The other end of the planning chain is measurement, which brings me to things I heard a few weeks earlier at the BlogWell event in Boston. This series of events specializes in presenting real case studies from brands. While I will not name the companies involved, I will share this: invariably, audience members asked about results and metrics from their social media programs and campaigns. More than once I heard a version of this reply: “We don’t measure.” I found that astonishing; how can a program be accountable if they don’t measure their efforts? How can they sell a continued program or a new campaign? It is clear from the audience that some sort of success metrics are expected, much more perhaps than in the past – after all, what is a case study without a happy ending?

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It is clear that part of this issue is that in some aspects companies treat social media as experimental, when in reality it can be, and often is, a seamlessly-integrated part of a holistic communications program. As with planning, it is hard to imagine a future in which social media programs get continued support without demonstrating their success against business goals.

I saw these as “painful truths” as I heard them (I hope the look on my face as I realized what I was hearing didn’t give too much away); however, what I really think is that they are opportunities. Companies need guidance in connecting their programs to business and marketing goals, both from the outset (planning) and the results (measurement). Either way you look at it, there is still plenty of work to do at both ends in order to ensure success and provide accountability.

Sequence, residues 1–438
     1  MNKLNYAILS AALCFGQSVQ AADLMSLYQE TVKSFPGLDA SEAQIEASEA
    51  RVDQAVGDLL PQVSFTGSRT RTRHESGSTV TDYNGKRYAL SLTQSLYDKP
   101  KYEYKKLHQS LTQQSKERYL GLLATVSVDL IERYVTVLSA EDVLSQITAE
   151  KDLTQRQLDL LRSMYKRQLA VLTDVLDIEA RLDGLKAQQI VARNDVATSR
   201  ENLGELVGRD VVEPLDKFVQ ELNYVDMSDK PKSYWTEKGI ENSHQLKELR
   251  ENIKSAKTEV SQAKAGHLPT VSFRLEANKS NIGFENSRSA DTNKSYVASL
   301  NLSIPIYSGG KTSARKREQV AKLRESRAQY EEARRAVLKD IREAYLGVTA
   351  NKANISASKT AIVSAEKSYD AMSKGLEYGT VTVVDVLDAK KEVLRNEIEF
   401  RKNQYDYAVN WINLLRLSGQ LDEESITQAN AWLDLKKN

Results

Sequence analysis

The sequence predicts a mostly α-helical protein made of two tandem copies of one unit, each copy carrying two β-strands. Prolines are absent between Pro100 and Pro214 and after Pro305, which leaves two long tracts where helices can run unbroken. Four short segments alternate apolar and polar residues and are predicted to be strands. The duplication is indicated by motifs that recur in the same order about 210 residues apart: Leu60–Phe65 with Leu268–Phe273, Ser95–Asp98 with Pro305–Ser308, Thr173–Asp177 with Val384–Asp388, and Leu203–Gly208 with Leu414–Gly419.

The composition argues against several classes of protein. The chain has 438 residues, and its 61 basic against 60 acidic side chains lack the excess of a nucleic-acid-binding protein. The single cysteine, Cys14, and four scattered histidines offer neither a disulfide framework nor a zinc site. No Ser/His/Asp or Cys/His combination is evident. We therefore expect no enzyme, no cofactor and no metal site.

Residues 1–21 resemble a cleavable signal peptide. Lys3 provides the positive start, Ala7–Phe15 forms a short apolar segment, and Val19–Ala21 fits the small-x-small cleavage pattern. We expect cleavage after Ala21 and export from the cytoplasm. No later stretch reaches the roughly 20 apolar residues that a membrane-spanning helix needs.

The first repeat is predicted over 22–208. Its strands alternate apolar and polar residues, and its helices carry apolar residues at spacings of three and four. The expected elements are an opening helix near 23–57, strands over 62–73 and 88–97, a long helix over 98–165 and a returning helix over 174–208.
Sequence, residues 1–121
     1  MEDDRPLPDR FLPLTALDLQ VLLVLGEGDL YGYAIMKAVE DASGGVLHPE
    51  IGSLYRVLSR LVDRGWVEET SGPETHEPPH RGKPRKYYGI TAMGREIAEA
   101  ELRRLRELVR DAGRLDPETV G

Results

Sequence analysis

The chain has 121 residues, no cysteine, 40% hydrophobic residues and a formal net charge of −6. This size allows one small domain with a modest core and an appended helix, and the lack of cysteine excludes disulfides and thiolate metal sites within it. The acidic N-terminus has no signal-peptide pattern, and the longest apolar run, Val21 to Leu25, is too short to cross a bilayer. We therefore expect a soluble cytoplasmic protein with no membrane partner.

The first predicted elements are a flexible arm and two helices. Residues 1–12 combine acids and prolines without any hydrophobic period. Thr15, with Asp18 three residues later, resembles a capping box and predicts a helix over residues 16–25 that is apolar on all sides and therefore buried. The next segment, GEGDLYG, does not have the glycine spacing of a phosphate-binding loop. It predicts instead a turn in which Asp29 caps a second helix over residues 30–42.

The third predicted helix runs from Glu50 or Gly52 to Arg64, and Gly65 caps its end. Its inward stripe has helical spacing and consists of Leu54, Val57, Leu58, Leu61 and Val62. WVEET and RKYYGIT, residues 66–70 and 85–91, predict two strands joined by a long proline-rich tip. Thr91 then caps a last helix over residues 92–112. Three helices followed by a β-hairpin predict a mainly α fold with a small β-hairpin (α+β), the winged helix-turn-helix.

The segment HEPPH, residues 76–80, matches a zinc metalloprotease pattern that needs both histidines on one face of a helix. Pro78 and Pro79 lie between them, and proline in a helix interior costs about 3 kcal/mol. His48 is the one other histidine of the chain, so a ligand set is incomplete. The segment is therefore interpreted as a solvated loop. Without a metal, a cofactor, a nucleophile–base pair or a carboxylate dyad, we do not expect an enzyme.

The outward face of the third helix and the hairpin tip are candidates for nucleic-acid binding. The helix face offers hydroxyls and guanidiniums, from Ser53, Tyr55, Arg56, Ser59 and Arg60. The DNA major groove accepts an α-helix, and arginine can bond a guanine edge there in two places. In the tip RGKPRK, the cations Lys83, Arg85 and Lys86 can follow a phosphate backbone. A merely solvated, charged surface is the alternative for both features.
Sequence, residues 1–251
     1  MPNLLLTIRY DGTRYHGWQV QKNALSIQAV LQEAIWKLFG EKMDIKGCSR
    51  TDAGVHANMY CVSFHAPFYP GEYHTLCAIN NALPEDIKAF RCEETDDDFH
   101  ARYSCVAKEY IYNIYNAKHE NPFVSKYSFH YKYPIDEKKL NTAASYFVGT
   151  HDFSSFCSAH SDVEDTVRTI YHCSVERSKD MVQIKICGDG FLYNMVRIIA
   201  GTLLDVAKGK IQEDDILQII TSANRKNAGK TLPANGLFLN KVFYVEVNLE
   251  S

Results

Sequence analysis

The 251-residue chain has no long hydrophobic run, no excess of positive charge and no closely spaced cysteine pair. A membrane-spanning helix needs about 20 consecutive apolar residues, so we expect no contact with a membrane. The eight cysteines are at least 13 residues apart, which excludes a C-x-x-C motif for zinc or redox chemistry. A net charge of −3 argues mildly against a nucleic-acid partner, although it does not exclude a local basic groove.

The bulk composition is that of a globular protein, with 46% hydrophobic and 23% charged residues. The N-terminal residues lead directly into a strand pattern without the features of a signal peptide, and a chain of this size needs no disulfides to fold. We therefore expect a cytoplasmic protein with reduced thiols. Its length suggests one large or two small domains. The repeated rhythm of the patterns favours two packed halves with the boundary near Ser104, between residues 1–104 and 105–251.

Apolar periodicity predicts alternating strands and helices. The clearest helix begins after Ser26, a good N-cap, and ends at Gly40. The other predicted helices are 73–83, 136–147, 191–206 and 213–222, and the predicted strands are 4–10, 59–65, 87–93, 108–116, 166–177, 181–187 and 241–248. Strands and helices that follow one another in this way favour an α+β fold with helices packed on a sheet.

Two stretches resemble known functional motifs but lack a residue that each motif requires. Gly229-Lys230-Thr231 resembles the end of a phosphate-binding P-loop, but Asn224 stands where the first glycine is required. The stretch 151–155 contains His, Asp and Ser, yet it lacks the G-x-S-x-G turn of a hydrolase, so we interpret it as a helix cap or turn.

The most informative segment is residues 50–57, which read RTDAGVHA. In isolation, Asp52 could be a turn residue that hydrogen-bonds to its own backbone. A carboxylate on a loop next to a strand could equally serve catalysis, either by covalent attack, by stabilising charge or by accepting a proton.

Photo credit: Measurement A” by Ktow on Flickr

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Calling All Comics: Unfunny Social Media Marketers Need Your Help

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Every day, it seems, we see an example of a company, or an individual social media marketer, doing something dumb on the Internet.The cycle goes something like:

  • Brand or person says something dumb or offensive
  • Other social media addicts/professionals see it, point it out, act offended
  • Mainstream media picks it up
  • Social media professionals write “lessons learned” posts because, you know, they all know better than you and they miraculously had a break from all that billable work they do so they could write such an ingenious post telling the rest of us how it is and how it should be – oh, and because “Oreo
  • Someone gets fired, and brand or person either digs a deeper hole or disappears
  • True context of original offending remark is revealed and everyone takes a breath and backs off (HA! Had you there, didn’t I?)

I’m not going to write some sort of navel-gazing or preachy post dissecting the latest “offensive Tweet” scandal (the Justine Sacco Africa/AIDS thing), and what “social media marketing lessons” we can learn from it. That’s tired- and if it’s not tired, someone will do it better than I can before I hit “publish.”

So let’s step back a little and look at one of the main problems driving a lot of these contretemps, particularly this latest episode:

The problem is not that people are bad at marketing; they are bad at comedy.